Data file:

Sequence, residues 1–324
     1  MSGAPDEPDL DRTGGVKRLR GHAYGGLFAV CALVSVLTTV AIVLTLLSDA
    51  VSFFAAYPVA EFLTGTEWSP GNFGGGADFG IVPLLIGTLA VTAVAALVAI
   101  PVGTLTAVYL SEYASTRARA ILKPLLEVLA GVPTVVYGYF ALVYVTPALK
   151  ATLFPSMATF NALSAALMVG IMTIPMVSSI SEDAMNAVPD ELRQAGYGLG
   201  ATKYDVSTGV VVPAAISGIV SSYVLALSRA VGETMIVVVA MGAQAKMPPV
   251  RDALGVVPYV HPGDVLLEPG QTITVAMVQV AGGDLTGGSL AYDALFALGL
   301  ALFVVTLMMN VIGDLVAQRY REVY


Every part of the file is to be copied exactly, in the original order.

Sequence, residues 1–324
     1  MSGAPDEPDL DRTGGVKRLR GHAYGGLFAV CALVSVLTTV AIVLTLLSDA
    51  VSFFAAYPVA EFLTGTEWSP GNFGGGADFG IVPLLIGTLA VTAVAALVAI
   101  PVGTLTAVYL SEYASTRARA ILKPLLEVLA GVPTVVYGYF ALVYVTPALK
   151  ATLFPSMATF NALSAALMVG IMTIPMVSSI SEDAMNAVPD ELRQAGYGLG
   201  ATKYDVSTGV VVPAAISGIV SSYVLALSRA VGETMIVVVA MGAQAKMPPV
   251  RDALGVVPYV HPGDVLLEPG QTITVAMVQV AGGDLTGGSL AYDALFALGL
   301  ALFVVTLMMN VIGDLVAQRY REVY